Nova Scotia

Halifax opened Canada's first covered skating rink on Jan. 3, 1863

Today in history, British North America's first covered skating rink opened its doors in Halifax.

Rink opened in Halifax's horticultural gardens, now known as Public Gardens

Skaters fill Canada's first permanent covered skating rink at Halifax skating carnival in 1880. (Frances Jones/Nova Scotia Public Archives)

The Halifax Oval and its brand new facility is now open to the public, but exactly 153 years ago, you had to be well connected to the rich if you didn't want to skate on a lake. 

On Jan. 3, 1863, British North America's first permanent covered skating rink opened in Halifax's Horticultural Gardens — now known as the Public Gardens. The privilege of skating there, however, was not-so public.

The rink was part of a series of recreational development projects for which planning started in 1837, led by the Horticultural Society. 

The structure was 55 metres long by 18 metres wide with an arched roof. The wooden building was lit with coal gas. 

The skating rink was open year round with natural ice for winter activities. A wooden floor was installed to allow for dancing and roller skating the rest in warmer seasons.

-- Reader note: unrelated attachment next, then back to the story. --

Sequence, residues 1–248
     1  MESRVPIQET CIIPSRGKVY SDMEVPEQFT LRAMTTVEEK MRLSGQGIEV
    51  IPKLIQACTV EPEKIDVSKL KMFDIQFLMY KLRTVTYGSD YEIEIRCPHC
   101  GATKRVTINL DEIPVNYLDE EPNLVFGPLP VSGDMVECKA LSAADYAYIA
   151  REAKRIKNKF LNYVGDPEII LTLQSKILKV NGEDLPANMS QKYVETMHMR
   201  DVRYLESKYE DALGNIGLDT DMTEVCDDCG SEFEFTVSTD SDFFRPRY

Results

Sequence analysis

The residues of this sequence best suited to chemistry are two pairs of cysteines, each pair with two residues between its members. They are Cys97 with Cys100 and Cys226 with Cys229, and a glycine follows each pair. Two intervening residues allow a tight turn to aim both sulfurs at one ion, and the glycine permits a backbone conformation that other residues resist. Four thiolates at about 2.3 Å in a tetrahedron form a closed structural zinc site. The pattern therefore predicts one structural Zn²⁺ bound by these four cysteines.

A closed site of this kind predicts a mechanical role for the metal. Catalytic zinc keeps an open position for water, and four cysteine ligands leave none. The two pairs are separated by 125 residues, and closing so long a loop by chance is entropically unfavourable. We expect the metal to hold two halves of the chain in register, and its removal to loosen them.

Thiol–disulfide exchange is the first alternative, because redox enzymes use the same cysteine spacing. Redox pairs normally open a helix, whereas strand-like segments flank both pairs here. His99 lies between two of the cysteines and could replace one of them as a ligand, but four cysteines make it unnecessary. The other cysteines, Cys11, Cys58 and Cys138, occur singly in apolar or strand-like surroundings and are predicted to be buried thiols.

'The old building quivering and shaking'

Membership, which sold out within three weeks of its opening, was limited — available only to a small network of shareholders, their families and friends. 

In 1880, a skating carnival was held and was so popular it "kept the old building quivering and shaking and enabling the promenaders to indulge in giddy waltz or the calmer manoeuvers of the lancers and quadrilles," according to the Acadian Recorder, a weekly newspaper that ceased publication in the early 20th century. 

The gardens were, at the time, part of the Halifax Common, which stretched north to south from Cunard Street to South Street; west to east from Robie Street to North and South Park Streets. 

The land itself was mossy and rocky. Private investors sought to improve the property by building various facilities and parks. 

After 35 years of managing the property, the Horticultural Society was forced to sell the land to the City of Halifax for $15,000.

The thick black line outlines the border of the Halifax Common in the 1800s (Susan Markham-Starr/City of Halifax)


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